This week in the national league outfield we’ve got two interesting players – one for shallow leagues and one for deeper leagues. Happy hunting.
Dexter Fowler (39% owned in Yahoo, 63.6% owned in ESPN)
Call this an appeal to the Yahoo owners who are on the fence about Fowler, because something about the ESPN game has made him more appealing already. ESPN projected Fowler to hit .275 with seven home runs and 27 steals, while Yahoo thought his 2011 would look more like .266 with five home runs and 25 steals. That might explain a little bit of the variance, and perhaps ESPN has more five-outfield rosters. In any case, Fowler is definitely ownable.
That doesn’t mean there aren’t some huge asterisks. For one, Fowler’s strikeout rate, which has been problematic in the past (25.7% career), is down right disastrous right now (32.9%). That might not be such a problem considering the sample size, but then there’s his contact rate. At 71.7%, he’s making contact at a career-low rate (79.9% career), and as we know from the Pizza Cutter article reprinted last week on this site, contact rate becomes 70% reliable at 100 plate appearances. Fowler’s had 98 so far. ZiPS is unconcerned about contact rate and projects Fowler to return to his 25% strikeout rate, which makes a .270 rest-of-season batting average very possible. Just remember that, since 2008, the best full-season batting average for a batter with a strikeout percentage over 30% has been Ryan Howard with a .269 number. Of course, with Fowler’s career-best walk rate, his OBP makes him a strong player in OBP/OPS leagues despite his flaws.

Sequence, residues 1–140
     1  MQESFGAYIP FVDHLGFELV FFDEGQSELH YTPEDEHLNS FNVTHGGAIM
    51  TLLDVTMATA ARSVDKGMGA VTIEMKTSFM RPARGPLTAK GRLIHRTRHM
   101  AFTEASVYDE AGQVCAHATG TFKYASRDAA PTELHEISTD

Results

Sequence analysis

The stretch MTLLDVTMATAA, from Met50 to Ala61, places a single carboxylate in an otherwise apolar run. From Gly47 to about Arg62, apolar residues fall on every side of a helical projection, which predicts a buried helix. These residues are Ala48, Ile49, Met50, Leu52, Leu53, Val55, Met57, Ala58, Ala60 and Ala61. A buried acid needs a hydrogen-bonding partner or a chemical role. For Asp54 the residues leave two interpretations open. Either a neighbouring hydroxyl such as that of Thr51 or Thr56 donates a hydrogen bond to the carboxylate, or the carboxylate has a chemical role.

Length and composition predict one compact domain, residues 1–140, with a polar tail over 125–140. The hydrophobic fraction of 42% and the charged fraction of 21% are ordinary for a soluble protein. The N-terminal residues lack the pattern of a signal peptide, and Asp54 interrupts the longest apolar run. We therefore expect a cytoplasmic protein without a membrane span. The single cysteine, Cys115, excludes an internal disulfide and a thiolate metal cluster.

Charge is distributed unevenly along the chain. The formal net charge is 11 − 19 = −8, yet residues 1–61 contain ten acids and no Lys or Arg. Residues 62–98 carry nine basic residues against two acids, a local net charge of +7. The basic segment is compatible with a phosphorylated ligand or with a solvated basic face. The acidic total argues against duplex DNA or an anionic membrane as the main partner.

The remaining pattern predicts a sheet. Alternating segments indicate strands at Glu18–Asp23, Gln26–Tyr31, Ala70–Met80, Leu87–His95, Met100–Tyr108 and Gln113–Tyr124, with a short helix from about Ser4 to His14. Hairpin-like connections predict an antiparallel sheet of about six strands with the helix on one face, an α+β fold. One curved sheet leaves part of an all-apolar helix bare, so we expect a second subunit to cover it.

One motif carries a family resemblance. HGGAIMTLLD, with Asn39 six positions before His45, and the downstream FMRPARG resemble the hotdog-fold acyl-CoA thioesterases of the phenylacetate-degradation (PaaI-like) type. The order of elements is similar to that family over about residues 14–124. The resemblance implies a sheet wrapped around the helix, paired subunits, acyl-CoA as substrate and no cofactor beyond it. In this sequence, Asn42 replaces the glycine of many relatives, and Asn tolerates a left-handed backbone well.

Jon Jay (2% owned in Yahoo, 0.4% owned in ESPN)
Sometimes we get too wrapped up in a player’s faults. Sure, Jay was lucky last year when he had a .350 BABIP propping up his nice batting average. Sure, he got caught stealing more than he was successful, and yes, he showed below-average power. Yeah, he walked less than average, too, and his strikeout rate was pretty close to average. Wait, what can this kid do well, then? Well, even though he’s showing a 1.6 speed score right now (5.0 is average), he’s got a little speed. He stole 20 given a full season at Triple-A, and had speed scores that hovered right around average and above-average. He doesn’t have the best glove, but it’s capable at all three outfield positions. So far this year, his average has been suppressed by poor BABIP luck (.250), so his batting average should climb. He’s striking out too much (22.7%), but given his career rates (17.8%) and the fact that his contact percentage is virtually unchanged (83.3% this year, 84.8% career), that should revert. The biggest news is that Albert Pujols has a sore hammy. Given the fact that the 27-year old backup first baseman Mark Hamilton has a long history of poor strikeout rates in the minor leagues, the safest thing for the Cardinals to do is play Jay in the outfield and move Lance Berkman to first for a few games. That means that Jay is an interesting short-term play for the possibility of a few hits, and maybe a stolen base or two. In some leagues, that is exciting. Okay, useful. Okay, interesting.
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